Trans movie poster The inaugural Corvallis Queer Film Festival will run from Nov. 11-15 at Darkside Cinema in Corvallis, with all shows beginning at 6 p.m.

The event is sponsored by the School of Language, Culture, and Society and the Women, Gender, and Sexuality Studies program in the College of Liberal Arts at Oregon State University.

In addition to free screenings each night, one of the films’ directors will visit Corvallis and participate in a panel discussion. Highlighting the week is the appearance on Friday, Nov. 15, of Del Shores, director of “Southern Baptist Sissies,” which depicts the story of four boys who are gay growing up in the Southern Baptist Church – and how they dealt with the conflict between their religion and their sexuality.

Shores will participate in a panel about LGBTQ experiences growing up Southern Baptist from 3-5 p.m. in the Memorial Union’s Pan-Afrikan Sankofa Room (Room 213). Other panelists include Dale Dickey and Emerson Collins – two actors from the film – and Susan Shaw, director of OSU’s School of Language, Culture, and Society.

On Wednesday, Nov. 13, a reading of Shores’ play, “Sordid Lives,” will take place from 3-5 p.m. at the OSU Women’s Center. The play is about a colorful family in a small Texas town dealing with the death of the family matriarch – and the secrets about her that emerge before the funeral.

The free films to be screened include:

  • Monday, Nov. 11 – “Trans,” a documentary about men, women and all the variations in between;
  • Tuesday, Nov. 12 – “The New Black,” a tale of the fight for marriage equality in Maryland and how the issue divided the African American community;
  • Wednesday, Nov. 13 – “Mosquita Y Mari,” the story of two 15-year-old Chicanas in Los Angeles who forge a friendship that grows increasingly complex;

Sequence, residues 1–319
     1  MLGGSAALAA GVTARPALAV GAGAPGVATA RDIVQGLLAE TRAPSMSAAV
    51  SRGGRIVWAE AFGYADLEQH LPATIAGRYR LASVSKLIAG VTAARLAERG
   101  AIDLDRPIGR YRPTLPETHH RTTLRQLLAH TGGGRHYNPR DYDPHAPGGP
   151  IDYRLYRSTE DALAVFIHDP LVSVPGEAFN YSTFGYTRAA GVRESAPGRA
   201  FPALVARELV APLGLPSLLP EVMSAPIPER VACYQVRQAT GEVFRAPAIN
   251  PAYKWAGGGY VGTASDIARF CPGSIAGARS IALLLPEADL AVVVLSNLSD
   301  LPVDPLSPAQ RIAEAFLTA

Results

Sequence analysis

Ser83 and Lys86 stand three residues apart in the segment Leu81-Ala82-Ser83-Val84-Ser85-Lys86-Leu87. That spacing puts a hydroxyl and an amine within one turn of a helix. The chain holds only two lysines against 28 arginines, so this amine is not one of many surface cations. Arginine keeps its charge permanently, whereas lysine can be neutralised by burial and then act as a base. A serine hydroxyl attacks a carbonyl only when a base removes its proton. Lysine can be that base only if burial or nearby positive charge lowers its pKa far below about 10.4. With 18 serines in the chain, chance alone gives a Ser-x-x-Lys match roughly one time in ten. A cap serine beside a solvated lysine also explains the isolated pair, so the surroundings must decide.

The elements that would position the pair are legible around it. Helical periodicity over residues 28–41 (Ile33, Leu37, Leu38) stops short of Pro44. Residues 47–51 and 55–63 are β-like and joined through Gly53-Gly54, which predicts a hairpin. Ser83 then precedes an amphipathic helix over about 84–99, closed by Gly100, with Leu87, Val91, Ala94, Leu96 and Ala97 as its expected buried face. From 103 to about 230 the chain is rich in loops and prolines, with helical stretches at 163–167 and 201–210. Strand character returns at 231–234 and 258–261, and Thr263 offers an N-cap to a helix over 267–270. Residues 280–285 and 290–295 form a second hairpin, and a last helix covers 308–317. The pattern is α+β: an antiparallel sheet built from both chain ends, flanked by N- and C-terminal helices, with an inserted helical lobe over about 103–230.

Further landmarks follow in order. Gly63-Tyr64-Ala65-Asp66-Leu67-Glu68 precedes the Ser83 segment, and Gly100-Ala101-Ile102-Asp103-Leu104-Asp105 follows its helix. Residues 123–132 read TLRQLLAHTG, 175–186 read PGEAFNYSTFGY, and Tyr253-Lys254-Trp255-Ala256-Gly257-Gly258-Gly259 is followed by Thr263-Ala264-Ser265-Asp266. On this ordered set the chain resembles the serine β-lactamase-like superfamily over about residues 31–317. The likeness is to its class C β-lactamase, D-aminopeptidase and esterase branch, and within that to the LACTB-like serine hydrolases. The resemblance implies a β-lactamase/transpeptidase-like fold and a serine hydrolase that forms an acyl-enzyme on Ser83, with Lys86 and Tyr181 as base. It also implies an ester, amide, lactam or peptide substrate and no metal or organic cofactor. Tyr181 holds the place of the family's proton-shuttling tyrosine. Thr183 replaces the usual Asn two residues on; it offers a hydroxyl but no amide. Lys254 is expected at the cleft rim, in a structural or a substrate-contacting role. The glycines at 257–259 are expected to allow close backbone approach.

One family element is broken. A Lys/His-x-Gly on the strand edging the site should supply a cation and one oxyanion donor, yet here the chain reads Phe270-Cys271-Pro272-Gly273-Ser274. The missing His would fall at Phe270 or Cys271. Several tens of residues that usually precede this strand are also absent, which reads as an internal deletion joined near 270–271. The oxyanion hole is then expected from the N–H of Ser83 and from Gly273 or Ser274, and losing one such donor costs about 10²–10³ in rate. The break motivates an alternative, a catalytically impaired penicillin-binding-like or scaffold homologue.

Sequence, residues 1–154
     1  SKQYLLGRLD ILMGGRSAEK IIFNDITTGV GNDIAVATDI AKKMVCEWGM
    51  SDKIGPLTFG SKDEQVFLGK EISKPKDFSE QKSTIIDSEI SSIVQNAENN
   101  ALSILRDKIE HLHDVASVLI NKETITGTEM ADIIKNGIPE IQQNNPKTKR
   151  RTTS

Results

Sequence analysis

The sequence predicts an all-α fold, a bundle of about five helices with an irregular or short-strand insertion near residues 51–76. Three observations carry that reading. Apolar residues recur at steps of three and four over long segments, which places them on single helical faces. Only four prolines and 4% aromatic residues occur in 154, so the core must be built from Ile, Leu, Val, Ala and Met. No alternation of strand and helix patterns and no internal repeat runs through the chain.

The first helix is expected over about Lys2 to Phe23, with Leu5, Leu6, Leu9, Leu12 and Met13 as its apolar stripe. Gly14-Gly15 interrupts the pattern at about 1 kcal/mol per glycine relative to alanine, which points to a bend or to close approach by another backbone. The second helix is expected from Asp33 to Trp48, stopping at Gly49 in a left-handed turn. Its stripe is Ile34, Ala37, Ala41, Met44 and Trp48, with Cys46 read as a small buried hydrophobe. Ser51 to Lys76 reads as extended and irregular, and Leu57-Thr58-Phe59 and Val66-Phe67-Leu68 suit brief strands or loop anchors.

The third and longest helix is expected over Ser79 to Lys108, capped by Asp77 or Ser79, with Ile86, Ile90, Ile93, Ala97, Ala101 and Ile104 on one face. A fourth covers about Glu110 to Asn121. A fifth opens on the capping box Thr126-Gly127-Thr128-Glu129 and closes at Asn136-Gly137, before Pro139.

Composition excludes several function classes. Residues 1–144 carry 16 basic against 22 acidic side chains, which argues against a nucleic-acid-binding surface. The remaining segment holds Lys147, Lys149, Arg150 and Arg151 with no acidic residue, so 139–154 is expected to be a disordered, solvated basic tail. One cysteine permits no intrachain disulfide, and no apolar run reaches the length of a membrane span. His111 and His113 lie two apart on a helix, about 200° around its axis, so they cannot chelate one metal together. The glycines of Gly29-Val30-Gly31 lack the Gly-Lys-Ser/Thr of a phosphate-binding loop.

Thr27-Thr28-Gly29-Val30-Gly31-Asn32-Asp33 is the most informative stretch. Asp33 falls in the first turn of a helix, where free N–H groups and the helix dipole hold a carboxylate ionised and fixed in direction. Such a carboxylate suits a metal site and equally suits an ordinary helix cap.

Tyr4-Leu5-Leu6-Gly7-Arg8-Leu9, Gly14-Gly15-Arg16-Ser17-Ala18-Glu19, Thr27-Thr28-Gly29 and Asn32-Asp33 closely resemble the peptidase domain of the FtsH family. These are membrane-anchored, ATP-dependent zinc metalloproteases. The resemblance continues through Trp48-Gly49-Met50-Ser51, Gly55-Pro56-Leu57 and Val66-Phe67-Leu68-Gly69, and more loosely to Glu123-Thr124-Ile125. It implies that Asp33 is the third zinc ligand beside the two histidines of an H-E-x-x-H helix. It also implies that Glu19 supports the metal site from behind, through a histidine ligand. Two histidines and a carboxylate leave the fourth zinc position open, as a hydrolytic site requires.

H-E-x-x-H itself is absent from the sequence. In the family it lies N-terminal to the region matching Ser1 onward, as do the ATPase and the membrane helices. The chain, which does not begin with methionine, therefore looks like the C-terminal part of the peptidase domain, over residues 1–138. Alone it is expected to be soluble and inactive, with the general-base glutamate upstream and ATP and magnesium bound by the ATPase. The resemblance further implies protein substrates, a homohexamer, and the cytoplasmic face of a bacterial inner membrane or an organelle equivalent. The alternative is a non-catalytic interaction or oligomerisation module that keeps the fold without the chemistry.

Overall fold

• Thursday, Nov. 14 – “Mario R.,” the story of a gay man in former East Germany who tries to escape to the West for love, only to undergo a series of traumatic experiences;
  • Friday, Nov. 15 – “Southern Baptist Sissies,” the story of four boys who are gay growing up with a conflict of religion and sexuality in the Southern Baptist Church.

Darkside Cinema is located at 215 S.W. Fourth St. in Corvallis.

We recently had the chance to talk with Bradley Boovey, assistant professor of german and queer studies & history of sexuality, about how he helped organize the festival and what we have to look forward to. 

 

How did the festival come about, and why is it important for Corvallis to host something like this? 

The idea for the festival grew out of my own interest in queer film and queer cultural activism and from discussions with my colleagues in Women, Gender, and Sexuality Studies and Queer Sudies. Corvallis has become a great spot for film culture, and I thought it was time we provided a showcase for some of the fabulous work being done in film by LGBTQ-identified filmmakers. I also feel that it's important for us to challenge the ways public spaces such as movie theaters are used, especially in smaller places like Corvallis. Mainstream theaters rarely show the kinds of films we're bringing to town, and this is an exciting opportunity to hear some different stories. Stories by and about trans people, queer people of color, international filmmakers, and others. 

How did you choose the films? Were students involved in choosing as well? 

Students weren't involved this year, but I did get recommendations from a number of colleagues. In the future, the film festival will be the result of student work in a class I plan to teach next year on Queer Film Festivals.

What do you hope the community and students get out of the festival? 

I hope the festival gives the community and the students a chance to enjoy some of the fabulous work being done in queer film these days. I also hope we're all inspired by the films to think about and connect with other people's stories and experiences. 

Are you looking forward to any film in particular? Why? 

I can't choose! I'm excited about them all. 

Will this be an annual event? 

Yes. In the future, though, it will be the result of student work in the Queer Film Festival course.